Does my bum look sustainable in these? 100% recycled pants by a climate neutral Australian outdoor gear maker… Yes please!
I’ve been sent a couple of bits of Zorali kit to review in recent times and I have to say I’m impressed by the quality of this new kid on the block.
The Recycled Venture Pants are a bit like a slim fit version of the Cargo pants of my (90s) youth, reimagined for the environmentally conscious, outdoors urban type. OK. That’s a bit of a mouthful: “hiking pants that don’t look like hiking pants” is what the website says.
The pants arrived a bit later in the season than I’d like (pants don’t feature much in my life when I get outdoors from November to March – read that whichever way you want!). However, an unseasonably cool and wet, La Nina summer gave me the opportunity to test them out on a few day walks, a family holiday and a couple of car-camping/road trips.
Functionality – 8/10
These bad boys have a lot of pockets. Eight in total. Count ‘em. I never thought I could use that many. And then, a stove lighter found its way into my left zip pocket while my phone stayed to the right. Then I had to put my wallet and a shopping list somewhere… Anyway, you get the idea: if you want to store something in these pants, you’ll be able to.
The pants have a built-in nylon webbing belt with a plastic buckle. The belt buckle didn’t loosen anywhere near as much as similar belts, possibly because the webbing is quite thick (ergo: they didn’t slip off my hips).
Comfort – 7/10
I wore the pants in fairly benign temperatures (15-22) over summer and never overheated. In fact I totally forgot I was wearing them whether I was hiking around Fitzroy Falls on a muggy morning or chilling at camp on a rainy afternoon. And that’s a good thing: the best piece of outdoor clothing is the one that doesn’t call attention to itself.
I then got to test them in frigid winter-like conditions when a cold change cut through Wollemi NP, bringing the temperatures close around freezing (with wind chill). A pair of thermals wouldn’t have gone astray in those conditions but the pants again proved very versatile, both for day walks and trying to stay warm in camp.
The fabric is on the thicker side so won’t breathe or dry as well as “techier” pants like Patagonia’s Quandary or Outdoor Research’s Ferosi pants.
My main gripe? They didn’t sew in a gusseted crotch or put elastane in the fabric. This limits the potential for adventure sports (notably climbing) where you need to do a lot of high-stepping and other contortions. But they’re perfectly fine for your average hike.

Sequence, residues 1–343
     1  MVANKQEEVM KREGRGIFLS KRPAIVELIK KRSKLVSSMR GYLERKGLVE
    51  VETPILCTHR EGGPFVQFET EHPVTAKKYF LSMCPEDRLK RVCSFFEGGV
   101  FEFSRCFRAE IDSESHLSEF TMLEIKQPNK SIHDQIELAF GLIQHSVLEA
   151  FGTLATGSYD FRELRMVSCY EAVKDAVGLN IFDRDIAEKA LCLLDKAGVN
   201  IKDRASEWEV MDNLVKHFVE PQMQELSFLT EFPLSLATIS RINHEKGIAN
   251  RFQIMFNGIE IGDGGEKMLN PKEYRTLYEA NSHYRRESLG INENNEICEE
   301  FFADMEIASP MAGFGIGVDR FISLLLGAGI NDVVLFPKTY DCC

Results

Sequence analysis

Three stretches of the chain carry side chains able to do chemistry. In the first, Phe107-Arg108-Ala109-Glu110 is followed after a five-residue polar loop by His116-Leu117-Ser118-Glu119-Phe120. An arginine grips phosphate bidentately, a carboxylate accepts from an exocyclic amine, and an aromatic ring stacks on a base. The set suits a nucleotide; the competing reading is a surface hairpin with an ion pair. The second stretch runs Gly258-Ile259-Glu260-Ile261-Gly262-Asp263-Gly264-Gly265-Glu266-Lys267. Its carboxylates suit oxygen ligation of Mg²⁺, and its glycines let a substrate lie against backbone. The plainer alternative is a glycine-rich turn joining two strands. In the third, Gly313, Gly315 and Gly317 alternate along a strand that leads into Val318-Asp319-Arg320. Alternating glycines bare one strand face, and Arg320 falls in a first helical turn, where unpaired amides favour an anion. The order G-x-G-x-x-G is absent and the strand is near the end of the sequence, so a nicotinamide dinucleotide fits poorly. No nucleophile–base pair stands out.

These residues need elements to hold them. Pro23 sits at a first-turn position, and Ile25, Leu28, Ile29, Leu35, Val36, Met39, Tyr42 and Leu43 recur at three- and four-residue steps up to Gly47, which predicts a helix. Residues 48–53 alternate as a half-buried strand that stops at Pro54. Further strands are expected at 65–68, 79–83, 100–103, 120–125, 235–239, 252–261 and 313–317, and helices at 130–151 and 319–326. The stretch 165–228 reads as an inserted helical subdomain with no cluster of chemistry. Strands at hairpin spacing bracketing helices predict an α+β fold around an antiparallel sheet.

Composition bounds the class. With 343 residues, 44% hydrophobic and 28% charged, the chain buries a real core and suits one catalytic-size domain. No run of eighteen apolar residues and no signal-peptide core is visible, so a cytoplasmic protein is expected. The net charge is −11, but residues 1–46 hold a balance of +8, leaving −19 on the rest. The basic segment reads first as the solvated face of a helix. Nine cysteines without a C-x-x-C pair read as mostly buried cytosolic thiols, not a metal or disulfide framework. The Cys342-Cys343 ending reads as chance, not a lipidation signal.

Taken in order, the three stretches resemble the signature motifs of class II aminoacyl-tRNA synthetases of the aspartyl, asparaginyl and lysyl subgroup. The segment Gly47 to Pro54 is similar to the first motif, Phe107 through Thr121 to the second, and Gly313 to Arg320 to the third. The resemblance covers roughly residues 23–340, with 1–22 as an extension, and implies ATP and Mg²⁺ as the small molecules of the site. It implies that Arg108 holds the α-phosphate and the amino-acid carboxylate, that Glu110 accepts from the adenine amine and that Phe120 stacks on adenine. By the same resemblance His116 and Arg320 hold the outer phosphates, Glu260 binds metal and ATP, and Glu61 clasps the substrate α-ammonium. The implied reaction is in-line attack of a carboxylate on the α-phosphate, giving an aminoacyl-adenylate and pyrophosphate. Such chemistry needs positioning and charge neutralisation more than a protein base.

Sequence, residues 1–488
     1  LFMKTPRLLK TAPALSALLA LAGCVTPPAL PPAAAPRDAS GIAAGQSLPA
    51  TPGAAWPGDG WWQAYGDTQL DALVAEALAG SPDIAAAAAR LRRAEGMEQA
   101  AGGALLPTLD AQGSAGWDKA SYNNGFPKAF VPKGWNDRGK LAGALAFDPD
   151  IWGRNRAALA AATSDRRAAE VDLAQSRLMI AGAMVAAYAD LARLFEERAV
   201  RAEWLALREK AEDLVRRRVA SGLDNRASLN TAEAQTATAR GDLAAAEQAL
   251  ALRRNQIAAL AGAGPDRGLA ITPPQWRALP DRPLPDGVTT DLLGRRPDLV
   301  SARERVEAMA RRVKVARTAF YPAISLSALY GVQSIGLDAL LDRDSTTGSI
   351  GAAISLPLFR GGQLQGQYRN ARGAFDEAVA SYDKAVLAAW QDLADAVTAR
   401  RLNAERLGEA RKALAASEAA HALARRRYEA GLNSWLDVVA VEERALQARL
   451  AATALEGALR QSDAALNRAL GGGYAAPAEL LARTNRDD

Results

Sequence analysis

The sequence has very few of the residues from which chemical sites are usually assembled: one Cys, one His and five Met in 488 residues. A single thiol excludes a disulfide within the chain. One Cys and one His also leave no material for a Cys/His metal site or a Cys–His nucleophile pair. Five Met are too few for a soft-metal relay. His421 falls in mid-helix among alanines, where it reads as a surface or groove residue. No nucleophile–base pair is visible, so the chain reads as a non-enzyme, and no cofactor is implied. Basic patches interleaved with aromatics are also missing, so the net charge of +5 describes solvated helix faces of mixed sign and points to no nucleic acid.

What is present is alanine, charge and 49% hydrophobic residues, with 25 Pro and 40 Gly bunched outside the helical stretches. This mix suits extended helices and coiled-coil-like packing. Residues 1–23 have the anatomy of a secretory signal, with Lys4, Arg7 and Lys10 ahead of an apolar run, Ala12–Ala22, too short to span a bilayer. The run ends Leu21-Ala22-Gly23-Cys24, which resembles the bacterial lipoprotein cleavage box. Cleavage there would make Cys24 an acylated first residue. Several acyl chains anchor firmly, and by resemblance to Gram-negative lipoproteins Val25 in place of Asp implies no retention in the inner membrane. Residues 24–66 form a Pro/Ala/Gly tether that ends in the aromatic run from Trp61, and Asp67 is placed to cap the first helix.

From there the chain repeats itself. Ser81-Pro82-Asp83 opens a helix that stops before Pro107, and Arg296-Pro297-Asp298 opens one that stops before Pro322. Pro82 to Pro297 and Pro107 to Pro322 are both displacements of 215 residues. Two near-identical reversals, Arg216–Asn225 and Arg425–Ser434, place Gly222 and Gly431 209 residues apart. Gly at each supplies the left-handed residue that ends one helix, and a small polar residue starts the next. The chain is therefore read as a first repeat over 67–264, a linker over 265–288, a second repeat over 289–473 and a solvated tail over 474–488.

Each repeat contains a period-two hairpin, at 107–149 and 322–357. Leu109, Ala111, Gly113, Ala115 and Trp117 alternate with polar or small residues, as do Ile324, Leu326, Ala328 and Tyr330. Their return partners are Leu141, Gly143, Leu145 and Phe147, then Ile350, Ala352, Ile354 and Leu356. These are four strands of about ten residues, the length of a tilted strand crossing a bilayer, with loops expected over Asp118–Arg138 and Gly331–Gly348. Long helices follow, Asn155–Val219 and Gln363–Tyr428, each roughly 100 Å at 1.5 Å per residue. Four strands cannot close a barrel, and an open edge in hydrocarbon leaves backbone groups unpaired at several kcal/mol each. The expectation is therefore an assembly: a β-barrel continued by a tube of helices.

Another (small drawback) is the lack of fly, which makes them a bit harder to get in and out of: you need to fully loosen the belt before sliding them off. And those bush wees will require a fraction more effort (for men at least).
Style – 7/10
The cargo-pants look won’t appeal to all. While I had some misgivings I quite liked them by the end. Suffice to say, you’ll feel comfortable walking into Katoomba’s Station Pub after a weekend of bushwalking (in fact, you’ll feel pretty well dressed compared to some of the other dirt bags). The recycled nylon fabric has a slight gloss to it, redolent of Adidas tracksuits. I wouldn’t categorise these as genuine travel/crossover pants.
Durability – 9/10
I’ve taken these on a couple of longer trips now but I’m confident these pants will last a long time. The fabric doesn’t have a denier rating but it’s heavy duty. Expect them to withstand everything from sliding between sandstone boulders to bush bashing through scrub. The canvas pockets are even tougher! The quality is top notch too. My only concern is the elasticized waste band and built-in belt: if either goes (and elastic usually does) then the pants will never be the same again.
Weather (and insect) resistance – 9/10
The pant’s durable water-repellent coating (DWR) was a nice surprise, though also to be expected at the price point. I wore these around camp during an afternoon and evening of steady rain and the water beaded on the surface. They also hold up well in colder conditions too, thanks to the thick fabric, but you’ll want to think about some thermals if hanging around camp when the mercury is below 5 (but that would be true of most pants).
Finally, what they might lack in breathability they make up for in bug-proofness. As mozzies cut through my merino top like tissue paper one evening, my legs remained as safe as the US Capitol Building (pre-2021).
I was provided the Venture Pants for review purposes and got to keep them. The views are entirely my own.
At $150 these pants aren’t cheap. But that’s only in absolute terms: compare them to the segment and you’ll find decent value, especially when the environmental credentials come into play. You also get what you pay for: a pair of well-made, versatile and practical pants that will last you many, many years. If you’re looking for just one pair of pants for your camping, hiking and café trips, give this Australian brand some love.